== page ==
Requests for Purchase under the Rapid Financing Instrument and Disbursement under the Rapid Credit Facility-Press Release; Staff Report; and Statement by the Executive Director for the Solomon Islands
On behalf of our Solomon Islands authorities, we thank staff, management and the Executive Board for their continued support to the Solomon Islands, especially during these challenging times.
The COVID-19 pandemic and its economic impact
Despite there being no confirmed cases in the Solomon Islands, the Solomon Islands government has taken swift action to prepare for and respond to the threat of a COVID-19 outbreak and has been operating under a State of Public Emergency since 25 March.
The Solomon Islands is a small and vulnerable economy, with a limited public health capacity, particularly on outlying islands. An outbreak of COVID-19 could very quickly reach beyond the capacity of the public health system.
Under the State of Public Emergency, the government closed borders and imposed a number of containment measures to ensure social distancing, such as closing schools and non-essential businesses, as well as setting up mandatory quarantine and isolation facilities.
The Solomon Islands was also affected by cyclone Harold in early April, when 27 people lost their lives and heavy rain and strong winds caused destruction to homes, schools and crops.
The negative impact on the Solomon Islands of the containment measures and the cyclone is likely to be considerable, affecting individuals, households and businesses throughout the country. The authorities are forecasting economic growth will fall to around -5.1 percent in 2020 (compared to staff estimates of -5.5 percent). The government has additional COVID-19 related spending pressures, coupled with lower revenue trends as the economy has seen declines in logging, mining and fishery exports as well as a sharp contraction in tourism. As a result, the fiscal deficit is expected to widen to 5.8 percent of GDP and public debt is expected to rise this year and into the medium term.
The current account balance is expected to widen significantly to about 17.8 percent of GDP in 2020, given weak external demand and travel restrictions. The COVID-19 pandemic has led to an urgent balance of payments need and a sizeable residual financing gap of around US$38.8 million (about 2.5 percent of GDP), after taking account of international reserve drawdown and donor support from the Asian Development Bank and World Bank.
Policy response to the crisis
Because of the Solomon Islands’ vulnerabilities, the government has been proactive in preventing the spread of COVID-19, isolating the country and imposing strict quarantine.
The government has prepared a COVID-19 preparedness and response plan, and with support from development partners, has introduced quarantine facilities and testing capability in preparation for a possible domestic outbreak.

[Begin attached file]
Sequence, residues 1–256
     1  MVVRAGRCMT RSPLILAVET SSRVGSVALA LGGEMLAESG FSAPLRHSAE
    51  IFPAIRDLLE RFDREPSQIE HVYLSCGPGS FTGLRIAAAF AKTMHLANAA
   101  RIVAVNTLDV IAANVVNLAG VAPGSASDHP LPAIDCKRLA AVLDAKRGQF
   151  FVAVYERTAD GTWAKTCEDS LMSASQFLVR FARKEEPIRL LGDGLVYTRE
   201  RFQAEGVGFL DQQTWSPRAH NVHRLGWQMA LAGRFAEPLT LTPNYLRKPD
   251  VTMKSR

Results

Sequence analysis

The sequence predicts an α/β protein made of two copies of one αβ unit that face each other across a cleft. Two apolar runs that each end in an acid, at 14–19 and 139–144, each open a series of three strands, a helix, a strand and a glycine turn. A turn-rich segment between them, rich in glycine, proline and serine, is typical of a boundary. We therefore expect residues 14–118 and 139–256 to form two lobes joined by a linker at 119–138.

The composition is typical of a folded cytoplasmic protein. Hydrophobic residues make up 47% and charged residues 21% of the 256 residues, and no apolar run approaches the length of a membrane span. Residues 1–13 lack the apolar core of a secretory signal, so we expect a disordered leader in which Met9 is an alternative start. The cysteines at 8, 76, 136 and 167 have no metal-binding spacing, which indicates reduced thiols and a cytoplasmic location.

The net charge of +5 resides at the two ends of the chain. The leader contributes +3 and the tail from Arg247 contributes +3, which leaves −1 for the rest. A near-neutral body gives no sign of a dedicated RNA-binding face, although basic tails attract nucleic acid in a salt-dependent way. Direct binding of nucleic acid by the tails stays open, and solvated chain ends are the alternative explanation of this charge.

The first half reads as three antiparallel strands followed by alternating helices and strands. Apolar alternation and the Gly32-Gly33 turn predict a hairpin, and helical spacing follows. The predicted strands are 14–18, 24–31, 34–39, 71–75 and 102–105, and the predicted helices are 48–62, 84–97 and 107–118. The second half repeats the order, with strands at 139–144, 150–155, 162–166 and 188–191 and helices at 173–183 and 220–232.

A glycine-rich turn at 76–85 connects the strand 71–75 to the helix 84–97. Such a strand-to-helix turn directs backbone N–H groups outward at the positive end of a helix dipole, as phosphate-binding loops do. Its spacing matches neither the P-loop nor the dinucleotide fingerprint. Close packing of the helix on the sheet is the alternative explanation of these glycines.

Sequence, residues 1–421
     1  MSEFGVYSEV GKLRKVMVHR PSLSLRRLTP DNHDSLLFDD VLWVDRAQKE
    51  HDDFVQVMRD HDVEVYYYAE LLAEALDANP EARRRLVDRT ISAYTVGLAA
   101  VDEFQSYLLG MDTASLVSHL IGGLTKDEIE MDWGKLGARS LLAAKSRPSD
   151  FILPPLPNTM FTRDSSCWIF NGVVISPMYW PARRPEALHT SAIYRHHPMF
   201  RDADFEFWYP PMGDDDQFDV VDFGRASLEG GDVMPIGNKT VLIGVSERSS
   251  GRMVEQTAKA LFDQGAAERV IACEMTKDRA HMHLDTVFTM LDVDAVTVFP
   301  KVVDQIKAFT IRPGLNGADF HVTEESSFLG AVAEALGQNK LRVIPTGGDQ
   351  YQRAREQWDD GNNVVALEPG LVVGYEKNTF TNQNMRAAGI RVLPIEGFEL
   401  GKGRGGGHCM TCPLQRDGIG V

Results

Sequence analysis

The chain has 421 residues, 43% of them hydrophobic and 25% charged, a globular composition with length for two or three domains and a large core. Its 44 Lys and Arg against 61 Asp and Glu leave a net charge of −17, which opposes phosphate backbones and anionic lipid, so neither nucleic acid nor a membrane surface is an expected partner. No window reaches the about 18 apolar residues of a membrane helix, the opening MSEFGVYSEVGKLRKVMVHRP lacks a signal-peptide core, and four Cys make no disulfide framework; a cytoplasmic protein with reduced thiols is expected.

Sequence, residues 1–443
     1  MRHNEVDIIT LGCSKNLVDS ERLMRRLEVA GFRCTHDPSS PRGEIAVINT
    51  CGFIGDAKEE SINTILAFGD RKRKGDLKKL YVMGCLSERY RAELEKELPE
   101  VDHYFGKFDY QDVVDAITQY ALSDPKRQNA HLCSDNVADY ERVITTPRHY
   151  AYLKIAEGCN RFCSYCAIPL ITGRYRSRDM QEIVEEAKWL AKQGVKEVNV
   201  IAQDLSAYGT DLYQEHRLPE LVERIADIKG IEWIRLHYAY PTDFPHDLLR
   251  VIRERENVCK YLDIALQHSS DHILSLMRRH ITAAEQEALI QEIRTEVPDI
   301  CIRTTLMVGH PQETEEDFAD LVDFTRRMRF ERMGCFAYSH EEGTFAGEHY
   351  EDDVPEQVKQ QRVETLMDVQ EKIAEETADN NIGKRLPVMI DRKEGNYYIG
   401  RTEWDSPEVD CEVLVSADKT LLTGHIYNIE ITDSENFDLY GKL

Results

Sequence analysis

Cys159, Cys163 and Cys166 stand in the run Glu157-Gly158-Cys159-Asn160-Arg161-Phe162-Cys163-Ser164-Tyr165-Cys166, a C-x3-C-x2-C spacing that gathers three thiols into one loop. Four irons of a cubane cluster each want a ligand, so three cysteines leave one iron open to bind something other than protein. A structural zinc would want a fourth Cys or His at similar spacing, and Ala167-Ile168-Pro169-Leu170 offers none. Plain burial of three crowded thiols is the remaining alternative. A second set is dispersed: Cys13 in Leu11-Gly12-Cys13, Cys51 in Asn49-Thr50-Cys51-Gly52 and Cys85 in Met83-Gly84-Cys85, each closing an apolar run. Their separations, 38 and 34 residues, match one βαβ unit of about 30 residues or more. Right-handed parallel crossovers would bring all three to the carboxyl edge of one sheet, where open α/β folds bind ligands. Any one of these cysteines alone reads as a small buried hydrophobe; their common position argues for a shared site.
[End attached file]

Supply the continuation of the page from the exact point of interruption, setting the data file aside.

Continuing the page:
The government also announced a stimulus package of SBD319 million (about 2.6 percent of GDP) to support the recovery, aimed at protecting jobs and incomes and stabilizing the domestic economy. An Oversight Committee has been set up to ensure that the overall desired outcomes are achieved and the targeted beneficiaries receive the support they need and to prevent any abuse or misuse of the package.
The government remains committed to stabilizing public finances and understand the importance of rebuilding fiscal buffers to address potential risks from natural disasters. The authorities are maintaining their efforts to strengthen tax compliance, to progress tax reform – including indirect tax reform, and to tighten expenditure controls and procurement processes at the Ministry of Finance and Treasury.
The authorities remain committed to the current debt management framework and are working closely with development partners to address large infrastructure needs in a transparent manner.
The Central Bank of Solomon Islands will maintain an expansionary monetary policy stance in view of the low inflation environment, the weak growth outlook and slowing credit growth. The authorities consider that the basket exchange rate peg remains an appropriate nominal anchor for Solomon Islands.
Against this background, the Solomon Islands is facing an urgent balance of payments need, which has triggered the authorities’ request for emergency financing in the amount of SDR20.8 million (100 percent of quota, around one fifth of the external financing gap). The Fund’s emergency assistance will help meet the urgent balance of payments financing needs stemming from the adverse impact of the ongoing shock on the economy as a result of COVID-19.
The IMF debt relief provided under the Catastrophe Containment and Relief Trust will also help to close the financing gap.
The authorities are continuing to actively seek additional financing from development partners and Fund support will play a catalytic role. In this regard, the World Bank is processing a fast-track US$5 million COVID-19 Emergency Response and Health Systems Preparedness Project. The Asian Development Bank has approved US$6 million in funds under the Contingent Disaster Financing Facility and is processing a pandemic response loan and grant under the Countercyclical Support Facility for up to US$20 million.
The authorities are thankful to the Fund for their advice and ongoing technical assistance (particularly support from PFTAC) and look forward to further constructive engagement in the future.